Amnesty International on Thursday presented 250,000 signatures it has collected from around the world in support of legalizing abortion in Argentina ahead of a crucial Senate vote.
Argentina's lower house of Congress voted last week to legalize abortion, sparking jubilant scenes amongst activists.
The bill is due to be debated by the upper house Senate on December 29, providing it gets the green light to do so from Senate commissions on Thursday.
Amnesty collected signatures for its petition from numerous countries, including Brazil, Canada, Taiwan and Britain.
The aim was to "demand the legalization of abortion in the country and the recognition of the rights of women, girls" and to "support the women's movement in Argentina that has asked for the legalization of voluntary pregnancy interruption for years," Amnesty said.
The bill would allow for abortion until the 14th week of pregnancy. Currently, abortion in the home country of Pope Francis is allowed only in the event of rape or danger to the mother's life.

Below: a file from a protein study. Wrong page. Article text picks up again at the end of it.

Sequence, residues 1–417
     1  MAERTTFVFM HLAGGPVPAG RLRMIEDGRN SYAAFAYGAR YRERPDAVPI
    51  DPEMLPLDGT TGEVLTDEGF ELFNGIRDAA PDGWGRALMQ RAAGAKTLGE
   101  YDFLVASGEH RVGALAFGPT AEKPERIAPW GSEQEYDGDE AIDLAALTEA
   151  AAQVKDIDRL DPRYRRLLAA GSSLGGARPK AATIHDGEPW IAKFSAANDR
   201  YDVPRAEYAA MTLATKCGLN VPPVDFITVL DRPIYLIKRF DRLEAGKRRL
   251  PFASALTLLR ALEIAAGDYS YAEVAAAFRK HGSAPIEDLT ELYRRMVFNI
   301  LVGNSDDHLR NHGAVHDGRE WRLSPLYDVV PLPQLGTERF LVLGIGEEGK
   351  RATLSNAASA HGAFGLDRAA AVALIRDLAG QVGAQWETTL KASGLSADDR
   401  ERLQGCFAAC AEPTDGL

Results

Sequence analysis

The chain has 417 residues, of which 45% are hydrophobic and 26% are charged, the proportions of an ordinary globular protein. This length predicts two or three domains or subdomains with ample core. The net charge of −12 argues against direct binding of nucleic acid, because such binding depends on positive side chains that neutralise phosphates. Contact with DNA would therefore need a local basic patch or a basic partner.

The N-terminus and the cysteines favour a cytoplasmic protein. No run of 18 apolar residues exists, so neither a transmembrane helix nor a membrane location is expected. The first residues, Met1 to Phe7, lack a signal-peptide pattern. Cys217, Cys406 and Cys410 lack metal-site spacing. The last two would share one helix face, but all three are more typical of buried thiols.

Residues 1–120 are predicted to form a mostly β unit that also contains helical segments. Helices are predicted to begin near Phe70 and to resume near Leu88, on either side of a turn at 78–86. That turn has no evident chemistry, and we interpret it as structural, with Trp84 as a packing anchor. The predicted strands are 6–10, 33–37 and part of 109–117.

"The world is once again watching Argentina. The Senate cannot turn its back again on the thousands of women who every year risk their lives and health in secret" illegal back street abortions, said Mariela Belski, the executive director for Amnesty International Argentina.
Two years ago a similar bill was approved by the lower house of Congress before it was narrowly rejected by the Senate.
However, the composition of Congress has changed slightly since last year's general election when center-left President Alberto Fernandez replaced the liberal Mauricio Macri.
Macri opposed the legalization of abortion in 2018, although he supported debate over the bill despite mass demonstrations against it in the majority Catholic country.
This time, Fernandez has backed the bill but although his ruling coalition has a majority in the Senate, lawmakers are not expected to vote along party lines.
While some anti-abortion members of the ruling coalition could vote against the bill, so too could pro-choice opposition lawmakers that want to deny the government a political victory, analysts say.